In my December 18, 2014 posting, Intriguing!, I got to thinking about graphic novels a bit. I realized that I don’t own any, and if I want to build a well-rounded collection, I should have some in it. The problem for me is, most graphic novels are dark, both literally and figuratively. The subject matter is often less than uplifting, and the images are frequently very graphic. Go figure. So I decided that I would make it my mission to find at least one graphic novel that I like: one with pleasing illustrations, and an uplifting or at least interesting story line. And guess what? I found some.
Shaun Tan’s book, The Arrival (2007) is stunning. The illustrations reminded me right away of Chris Van Allsburg’s style, and the creativity displayed as Tan marries the age-old tale of a newcomer in a foreign land with futuristic cityscapes and animals provided a new delight on every page. At 128 pages, it’s really more of an illustrated story (there are no words), than a graphic novel, but it’s still a worthy addition to anyone’s collection and will be enjoyed by adults and children alike. For more information, check it out on Amazon.com.
Here, by Richard McGuire (2014), is also a really neat book. As I mentioned in December, it is the story of one little piece of land told over many centuries, with glimpses into different years together on the same page. This is definitely a novel, at 304 pages, and also worth adding to your collection. For more information, check it out on Amazon.com.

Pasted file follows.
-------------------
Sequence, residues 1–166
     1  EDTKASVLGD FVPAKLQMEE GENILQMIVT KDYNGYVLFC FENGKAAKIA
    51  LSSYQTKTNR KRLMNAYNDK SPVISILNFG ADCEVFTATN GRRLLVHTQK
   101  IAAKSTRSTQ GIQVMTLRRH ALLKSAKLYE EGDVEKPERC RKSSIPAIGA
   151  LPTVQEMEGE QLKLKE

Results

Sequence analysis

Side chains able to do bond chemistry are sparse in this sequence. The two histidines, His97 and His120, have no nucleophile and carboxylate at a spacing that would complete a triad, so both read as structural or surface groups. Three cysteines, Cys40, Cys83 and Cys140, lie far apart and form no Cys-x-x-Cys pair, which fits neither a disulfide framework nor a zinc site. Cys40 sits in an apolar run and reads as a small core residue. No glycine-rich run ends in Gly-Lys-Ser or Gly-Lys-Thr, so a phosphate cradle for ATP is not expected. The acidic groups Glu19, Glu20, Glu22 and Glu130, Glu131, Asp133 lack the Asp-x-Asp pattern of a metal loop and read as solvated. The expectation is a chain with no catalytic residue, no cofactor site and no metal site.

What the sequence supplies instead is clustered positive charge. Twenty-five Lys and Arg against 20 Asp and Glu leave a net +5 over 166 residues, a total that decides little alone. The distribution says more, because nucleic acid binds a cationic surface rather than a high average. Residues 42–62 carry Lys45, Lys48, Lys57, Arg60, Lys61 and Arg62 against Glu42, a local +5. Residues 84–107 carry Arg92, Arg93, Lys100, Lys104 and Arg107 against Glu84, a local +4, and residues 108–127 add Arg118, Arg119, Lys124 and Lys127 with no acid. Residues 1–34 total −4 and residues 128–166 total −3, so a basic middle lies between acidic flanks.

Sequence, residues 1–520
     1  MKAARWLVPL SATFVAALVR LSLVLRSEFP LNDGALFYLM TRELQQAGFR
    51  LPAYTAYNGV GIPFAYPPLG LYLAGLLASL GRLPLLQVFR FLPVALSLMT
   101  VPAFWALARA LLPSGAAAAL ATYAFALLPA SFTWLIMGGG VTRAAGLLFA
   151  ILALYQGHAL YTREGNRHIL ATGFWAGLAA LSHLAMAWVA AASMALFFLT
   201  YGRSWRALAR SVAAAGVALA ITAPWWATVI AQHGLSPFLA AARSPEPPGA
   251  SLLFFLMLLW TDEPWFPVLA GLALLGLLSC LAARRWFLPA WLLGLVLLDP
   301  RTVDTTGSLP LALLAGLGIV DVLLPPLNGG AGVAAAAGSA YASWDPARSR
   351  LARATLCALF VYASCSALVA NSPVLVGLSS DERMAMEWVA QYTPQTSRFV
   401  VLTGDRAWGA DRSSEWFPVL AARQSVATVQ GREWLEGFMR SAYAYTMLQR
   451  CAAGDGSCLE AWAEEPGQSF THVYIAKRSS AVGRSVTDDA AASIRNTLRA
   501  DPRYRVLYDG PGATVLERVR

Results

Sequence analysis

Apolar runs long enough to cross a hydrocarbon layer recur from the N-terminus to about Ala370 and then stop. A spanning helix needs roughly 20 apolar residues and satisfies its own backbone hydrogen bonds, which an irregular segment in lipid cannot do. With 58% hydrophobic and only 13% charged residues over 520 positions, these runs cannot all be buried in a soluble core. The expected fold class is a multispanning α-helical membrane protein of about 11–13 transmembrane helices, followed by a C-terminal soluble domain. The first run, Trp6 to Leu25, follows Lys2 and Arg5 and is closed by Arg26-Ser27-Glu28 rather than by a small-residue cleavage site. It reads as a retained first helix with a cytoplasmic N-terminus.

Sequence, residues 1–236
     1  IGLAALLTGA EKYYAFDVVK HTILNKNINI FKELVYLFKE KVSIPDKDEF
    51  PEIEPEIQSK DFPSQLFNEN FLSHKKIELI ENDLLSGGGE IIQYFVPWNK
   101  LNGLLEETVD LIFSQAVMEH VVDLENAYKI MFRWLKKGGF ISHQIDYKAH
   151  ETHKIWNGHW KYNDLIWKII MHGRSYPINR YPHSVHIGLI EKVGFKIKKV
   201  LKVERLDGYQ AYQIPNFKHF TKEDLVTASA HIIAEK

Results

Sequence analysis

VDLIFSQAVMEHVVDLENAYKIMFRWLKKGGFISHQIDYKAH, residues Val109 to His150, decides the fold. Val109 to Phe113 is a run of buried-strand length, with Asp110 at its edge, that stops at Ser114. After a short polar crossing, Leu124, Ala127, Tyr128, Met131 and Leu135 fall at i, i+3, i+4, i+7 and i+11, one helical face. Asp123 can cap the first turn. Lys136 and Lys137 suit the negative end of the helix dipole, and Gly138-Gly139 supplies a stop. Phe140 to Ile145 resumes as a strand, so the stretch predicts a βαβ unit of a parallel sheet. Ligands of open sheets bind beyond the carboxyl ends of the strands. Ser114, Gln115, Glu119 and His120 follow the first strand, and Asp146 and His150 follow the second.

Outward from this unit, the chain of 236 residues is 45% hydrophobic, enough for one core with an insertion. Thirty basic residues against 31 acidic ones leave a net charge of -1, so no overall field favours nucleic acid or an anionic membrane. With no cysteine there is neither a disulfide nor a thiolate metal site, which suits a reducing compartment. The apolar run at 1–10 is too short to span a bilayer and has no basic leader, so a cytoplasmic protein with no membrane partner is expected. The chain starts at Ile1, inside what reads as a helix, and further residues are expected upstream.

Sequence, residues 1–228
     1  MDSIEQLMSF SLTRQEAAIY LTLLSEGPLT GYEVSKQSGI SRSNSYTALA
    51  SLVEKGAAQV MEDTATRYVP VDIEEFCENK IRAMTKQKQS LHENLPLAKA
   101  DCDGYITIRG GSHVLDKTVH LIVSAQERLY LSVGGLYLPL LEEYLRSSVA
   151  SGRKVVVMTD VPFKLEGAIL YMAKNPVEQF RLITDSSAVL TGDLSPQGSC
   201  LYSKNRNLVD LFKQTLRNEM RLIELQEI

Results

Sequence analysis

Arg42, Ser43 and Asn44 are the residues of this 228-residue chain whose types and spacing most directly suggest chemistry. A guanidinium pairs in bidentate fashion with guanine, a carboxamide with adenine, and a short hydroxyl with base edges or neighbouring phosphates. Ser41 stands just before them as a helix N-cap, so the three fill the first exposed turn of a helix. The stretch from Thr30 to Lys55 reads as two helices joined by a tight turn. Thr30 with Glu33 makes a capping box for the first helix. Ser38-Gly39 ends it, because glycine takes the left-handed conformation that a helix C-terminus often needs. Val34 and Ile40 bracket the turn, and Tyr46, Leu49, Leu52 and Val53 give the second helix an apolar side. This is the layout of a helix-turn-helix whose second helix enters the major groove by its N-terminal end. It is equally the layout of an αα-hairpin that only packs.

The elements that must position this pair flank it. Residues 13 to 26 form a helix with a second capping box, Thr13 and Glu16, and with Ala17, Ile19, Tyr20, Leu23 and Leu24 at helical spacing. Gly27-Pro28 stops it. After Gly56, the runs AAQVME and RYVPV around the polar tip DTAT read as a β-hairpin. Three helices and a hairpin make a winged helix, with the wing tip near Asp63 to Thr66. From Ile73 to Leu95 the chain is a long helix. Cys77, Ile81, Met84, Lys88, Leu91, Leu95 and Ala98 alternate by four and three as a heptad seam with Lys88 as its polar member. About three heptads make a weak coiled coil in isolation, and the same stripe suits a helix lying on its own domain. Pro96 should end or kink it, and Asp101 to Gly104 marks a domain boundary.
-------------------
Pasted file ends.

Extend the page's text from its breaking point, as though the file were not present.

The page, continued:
Well, here it is, Wednesday already. A couple of weeks ago, I tried participating in Should Be Reading‘s WWW Wednesdays event, and it was kind of fun. I missed last Wednesday, but I thought I might try it again today. The rules are, you share (1) What you are currently reading, (2) What you recently finished reading, and (3) What you plan to read next.
(1) I’m currently reading, The English Girl by Daniel Silva (2013). A spy thriller, and good so far, but I’ve barely started it.
(2) I recently finished reading The Storied Life of A. J. Fikry by Gabrielle Zevin (2014). It was heart-warming, but also sad. A keeper, though. I love books about bookstores.
(3) Next I think I will read The Return of Captain John Emmett by Elizabeth Speller (2011). Set in post WW1 England, it’s also a thriller, and it was a Christmas gift from my father (thanks, Dad!).
That’s it for this week’s WWW Wednesday installment. Feel free to comment with your own WWW Wednesday titles, or put a link to your WWW Wednesday post in the comments, or go straight to the source and comment at Should be Reading.
For our neighbours to the south, the day after Thanksgiving marks the official start of the Christmas season. So in honour of our American friends, I thought I would do a post about Christmas memories. And since this blog focuses on books… You know where this is going.
One book that makes me pause and leaf through it every time I see it, is The Snowman by Raymond Briggs. I’m always a little sad at the end, but can’t help but get lost in the story again and again.
Another one that recalls my earliest Christmas memories is The Story of Holly & Ivy by Rumer Godden. This book is so heart-warming, that I guarantee you will enjoy it if you haven’t read it. And if you have already read it, I know you will agree.
And so, with that nod to the start of the Christmas Season, once again I put the question to you, my readers. What are your favorite Christmas books? They don’t have to be children’s books, like the ones I just listed, but please do share whatever they are!